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Sebastian Riedel


Mojo::IOLoop - Minimalistic event loop


  use Mojo::IOLoop;

  # Listen on port 3000
  Mojo::IOLoop->server({port => 3000} => sub {
    my ($loop, $stream) = @_;

    $stream->on(read => sub {
      my ($stream, $bytes) = @_;

      # Process input chunk
      say $bytes;

      # Write response
      $stream->write('HTTP/1.1 200 OK');

  # Connect to port 3000
  my $id = Mojo::IOLoop->client({port => 3000} => sub {
    my ($loop, $err, $stream) = @_;

    $stream->on(read => sub {
      my ($stream, $bytes) = @_;

      # Process input
      say "Input: $bytes";

    # Write request
    $stream->write("GET / HTTP/1.1\x0d\x0a\x0d\x0a");

  # Add a timer
  Mojo::IOLoop->timer(5 => sub {
    my $loop = shift;

  # Start event loop if necessary
  Mojo::IOLoop->start unless Mojo::IOLoop->is_running;


Mojo::IOLoop is a very minimalistic event loop based on Mojo::Reactor, it has been reduced to the absolute minimal feature set required to build solid and scalable non-blocking TCP clients and servers.

Depending on operating system, the default per-process and system-wide file descriptor limits are often very low and need to be tuned for better scalability. The LIBEV_FLAGS environment variable should also be used to select the best possible EV backend, which usually defaults to the not very scalable select.

  LIBEV_FLAGS=1   # select
  LIBEV_FLAGS=2   # poll
  LIBEV_FLAGS=4   # epoll (Linux)
  LIBEV_FLAGS=8   # kqueue (*BSD, OS X)

The event loop will be resilient to time jumps if a monotonic clock is available through Time::HiRes. A TLS certificate and key are also built right in, to make writing test servers as easy as possible. Also note that for convenience the PIPE signal will be set to IGNORE when Mojo::IOLoop is loaded.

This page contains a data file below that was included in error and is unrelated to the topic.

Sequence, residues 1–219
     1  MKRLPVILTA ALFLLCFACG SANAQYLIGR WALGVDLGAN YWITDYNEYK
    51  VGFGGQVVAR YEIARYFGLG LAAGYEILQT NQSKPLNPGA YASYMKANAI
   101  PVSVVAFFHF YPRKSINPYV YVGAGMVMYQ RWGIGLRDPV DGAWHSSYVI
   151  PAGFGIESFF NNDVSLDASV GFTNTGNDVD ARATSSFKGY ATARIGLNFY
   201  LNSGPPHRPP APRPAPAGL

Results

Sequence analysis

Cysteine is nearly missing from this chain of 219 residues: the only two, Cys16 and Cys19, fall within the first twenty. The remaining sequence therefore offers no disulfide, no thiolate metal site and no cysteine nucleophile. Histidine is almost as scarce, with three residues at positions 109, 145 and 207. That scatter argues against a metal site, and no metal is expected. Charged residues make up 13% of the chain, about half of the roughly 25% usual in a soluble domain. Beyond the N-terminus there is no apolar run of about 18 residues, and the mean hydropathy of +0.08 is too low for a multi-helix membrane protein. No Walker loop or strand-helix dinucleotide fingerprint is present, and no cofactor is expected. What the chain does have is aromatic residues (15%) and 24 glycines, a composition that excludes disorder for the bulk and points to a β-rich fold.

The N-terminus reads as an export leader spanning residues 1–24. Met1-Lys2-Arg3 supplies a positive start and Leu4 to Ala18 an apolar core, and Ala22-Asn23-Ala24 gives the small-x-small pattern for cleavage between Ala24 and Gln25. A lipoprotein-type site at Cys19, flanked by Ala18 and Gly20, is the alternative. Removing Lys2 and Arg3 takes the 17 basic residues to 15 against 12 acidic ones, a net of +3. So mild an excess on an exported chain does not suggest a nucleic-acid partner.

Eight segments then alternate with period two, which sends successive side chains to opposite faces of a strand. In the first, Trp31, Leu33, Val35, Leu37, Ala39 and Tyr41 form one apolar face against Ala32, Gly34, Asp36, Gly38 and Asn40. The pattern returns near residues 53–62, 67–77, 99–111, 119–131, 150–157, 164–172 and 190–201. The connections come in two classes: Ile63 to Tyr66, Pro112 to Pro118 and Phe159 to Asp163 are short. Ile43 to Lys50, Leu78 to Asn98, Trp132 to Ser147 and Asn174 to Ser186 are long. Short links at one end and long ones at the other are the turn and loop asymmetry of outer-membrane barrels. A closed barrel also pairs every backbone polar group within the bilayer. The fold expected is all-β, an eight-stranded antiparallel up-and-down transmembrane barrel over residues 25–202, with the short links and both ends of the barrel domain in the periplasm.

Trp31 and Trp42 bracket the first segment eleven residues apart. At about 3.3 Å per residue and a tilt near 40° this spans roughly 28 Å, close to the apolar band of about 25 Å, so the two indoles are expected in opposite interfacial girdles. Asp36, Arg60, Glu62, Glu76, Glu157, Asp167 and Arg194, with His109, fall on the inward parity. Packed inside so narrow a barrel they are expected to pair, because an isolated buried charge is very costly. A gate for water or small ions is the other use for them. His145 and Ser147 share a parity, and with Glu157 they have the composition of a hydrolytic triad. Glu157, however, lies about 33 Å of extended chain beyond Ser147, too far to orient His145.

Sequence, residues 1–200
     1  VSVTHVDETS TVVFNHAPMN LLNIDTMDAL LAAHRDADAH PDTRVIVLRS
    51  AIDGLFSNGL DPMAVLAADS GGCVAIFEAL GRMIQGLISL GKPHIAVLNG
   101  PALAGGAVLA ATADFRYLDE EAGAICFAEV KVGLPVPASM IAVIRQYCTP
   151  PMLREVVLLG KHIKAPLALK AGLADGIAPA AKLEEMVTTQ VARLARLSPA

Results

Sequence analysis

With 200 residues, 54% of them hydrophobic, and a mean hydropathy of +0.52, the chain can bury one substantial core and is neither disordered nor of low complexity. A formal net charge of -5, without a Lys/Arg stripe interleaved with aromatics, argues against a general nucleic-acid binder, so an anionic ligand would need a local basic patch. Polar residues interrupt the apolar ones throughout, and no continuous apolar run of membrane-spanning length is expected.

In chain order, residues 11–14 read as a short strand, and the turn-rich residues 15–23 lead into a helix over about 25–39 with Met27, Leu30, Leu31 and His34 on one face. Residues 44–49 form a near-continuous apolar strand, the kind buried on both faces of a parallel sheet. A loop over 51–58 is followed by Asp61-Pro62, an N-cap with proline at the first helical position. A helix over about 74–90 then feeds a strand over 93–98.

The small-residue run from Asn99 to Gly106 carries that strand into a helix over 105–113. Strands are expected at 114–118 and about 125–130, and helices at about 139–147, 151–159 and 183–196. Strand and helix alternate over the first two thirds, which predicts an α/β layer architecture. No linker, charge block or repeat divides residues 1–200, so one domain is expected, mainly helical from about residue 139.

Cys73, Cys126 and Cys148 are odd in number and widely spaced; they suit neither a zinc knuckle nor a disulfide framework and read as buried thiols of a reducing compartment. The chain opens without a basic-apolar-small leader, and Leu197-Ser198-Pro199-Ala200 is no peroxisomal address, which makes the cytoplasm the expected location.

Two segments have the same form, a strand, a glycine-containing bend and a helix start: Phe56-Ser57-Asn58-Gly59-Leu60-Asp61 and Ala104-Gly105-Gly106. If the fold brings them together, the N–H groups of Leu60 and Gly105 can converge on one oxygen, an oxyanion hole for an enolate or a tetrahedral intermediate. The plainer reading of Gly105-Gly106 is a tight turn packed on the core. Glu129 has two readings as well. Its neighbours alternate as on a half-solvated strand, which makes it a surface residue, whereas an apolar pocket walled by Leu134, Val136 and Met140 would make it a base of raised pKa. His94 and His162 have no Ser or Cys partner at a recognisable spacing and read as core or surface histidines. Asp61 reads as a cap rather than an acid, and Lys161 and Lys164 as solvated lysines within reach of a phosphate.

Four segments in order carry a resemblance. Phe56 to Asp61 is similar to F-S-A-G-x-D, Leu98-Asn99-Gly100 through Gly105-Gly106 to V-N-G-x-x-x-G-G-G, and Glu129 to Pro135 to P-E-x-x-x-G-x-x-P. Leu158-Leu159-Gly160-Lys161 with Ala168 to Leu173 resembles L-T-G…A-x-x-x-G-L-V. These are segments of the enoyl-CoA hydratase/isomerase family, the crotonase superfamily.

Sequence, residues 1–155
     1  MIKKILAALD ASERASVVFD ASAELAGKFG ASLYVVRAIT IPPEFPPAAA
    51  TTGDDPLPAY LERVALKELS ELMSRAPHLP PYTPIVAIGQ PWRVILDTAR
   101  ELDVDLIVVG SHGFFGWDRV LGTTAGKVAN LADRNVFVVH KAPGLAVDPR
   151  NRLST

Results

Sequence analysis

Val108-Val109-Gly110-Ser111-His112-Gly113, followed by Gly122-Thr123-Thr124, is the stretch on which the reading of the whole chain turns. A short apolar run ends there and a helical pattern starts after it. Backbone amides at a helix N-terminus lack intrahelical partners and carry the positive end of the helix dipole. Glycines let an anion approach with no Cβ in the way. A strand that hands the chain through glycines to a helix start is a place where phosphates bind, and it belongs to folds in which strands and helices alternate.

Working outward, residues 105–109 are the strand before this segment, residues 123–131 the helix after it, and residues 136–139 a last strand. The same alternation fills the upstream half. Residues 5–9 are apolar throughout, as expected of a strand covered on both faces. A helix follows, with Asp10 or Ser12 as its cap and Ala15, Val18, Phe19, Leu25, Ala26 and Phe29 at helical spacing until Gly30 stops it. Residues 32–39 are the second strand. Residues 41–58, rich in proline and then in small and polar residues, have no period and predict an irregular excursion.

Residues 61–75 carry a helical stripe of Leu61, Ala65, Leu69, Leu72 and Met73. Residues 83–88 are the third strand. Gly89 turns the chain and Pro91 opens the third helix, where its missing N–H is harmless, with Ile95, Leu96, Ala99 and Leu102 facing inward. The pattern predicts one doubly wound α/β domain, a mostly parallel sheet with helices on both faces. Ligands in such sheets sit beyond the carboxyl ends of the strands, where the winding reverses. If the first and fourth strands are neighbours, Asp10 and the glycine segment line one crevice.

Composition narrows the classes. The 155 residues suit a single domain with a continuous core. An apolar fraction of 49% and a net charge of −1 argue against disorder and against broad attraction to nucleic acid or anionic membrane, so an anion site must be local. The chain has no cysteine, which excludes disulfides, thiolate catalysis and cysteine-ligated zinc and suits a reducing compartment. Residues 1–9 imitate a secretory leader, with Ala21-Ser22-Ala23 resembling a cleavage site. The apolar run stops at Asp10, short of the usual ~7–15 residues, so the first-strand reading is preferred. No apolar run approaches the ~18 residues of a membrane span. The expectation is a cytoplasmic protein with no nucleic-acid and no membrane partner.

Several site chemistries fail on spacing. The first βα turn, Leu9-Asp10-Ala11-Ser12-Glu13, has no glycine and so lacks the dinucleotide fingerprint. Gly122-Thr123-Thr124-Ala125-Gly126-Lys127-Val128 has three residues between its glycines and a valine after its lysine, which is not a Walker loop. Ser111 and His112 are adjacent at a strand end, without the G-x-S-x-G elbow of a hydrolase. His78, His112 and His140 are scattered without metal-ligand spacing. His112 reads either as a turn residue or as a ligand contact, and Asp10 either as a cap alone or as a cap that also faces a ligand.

For better scalability (epoll, kqueue) and to provide non-blocking name resolution, SOCKS5 as well as TLS support, the optional modules EV (4.0+), Net::DNS::Native (0.15+), IO::Socket::Socks (0.64+) and IO::Socket::SSL (1.94+) will be used automatically if possible. Individual features can also be disabled with the MOJO_NO_NDN, MOJO_NO_SOCKS and MOJO_NO_TLS environment variables.

See "REAL-TIME WEB" in Mojolicious::Guides::Cookbook for more.


Mojo::IOLoop inherits all events from Mojo::EventEmitter and can emit the following new ones.


  $loop->on(finish => sub {
    my $loop = shift;

Emitted when the event loop wants to shut down gracefully and is just waiting for all existing connections to be closed.


Mojo::IOLoop implements the following attributes.


  my $max = $loop->max_accepts;
  $loop   = $loop->max_accepts(1000);

The maximum number of connections this event loop is allowed to accept before shutting down gracefully without interrupting existing connections, defaults to 0. Setting the value to 0 will allow this event loop to accept new connections indefinitely. Note that up to half of this value can be subtracted randomly to improve load balancing between multiple server processes.


  my $max = $loop->max_connections;
  $loop   = $loop->max_connections(1000);

The maximum number of concurrent connections this event loop is allowed to handle before stopping to accept new incoming connections, defaults to 1000.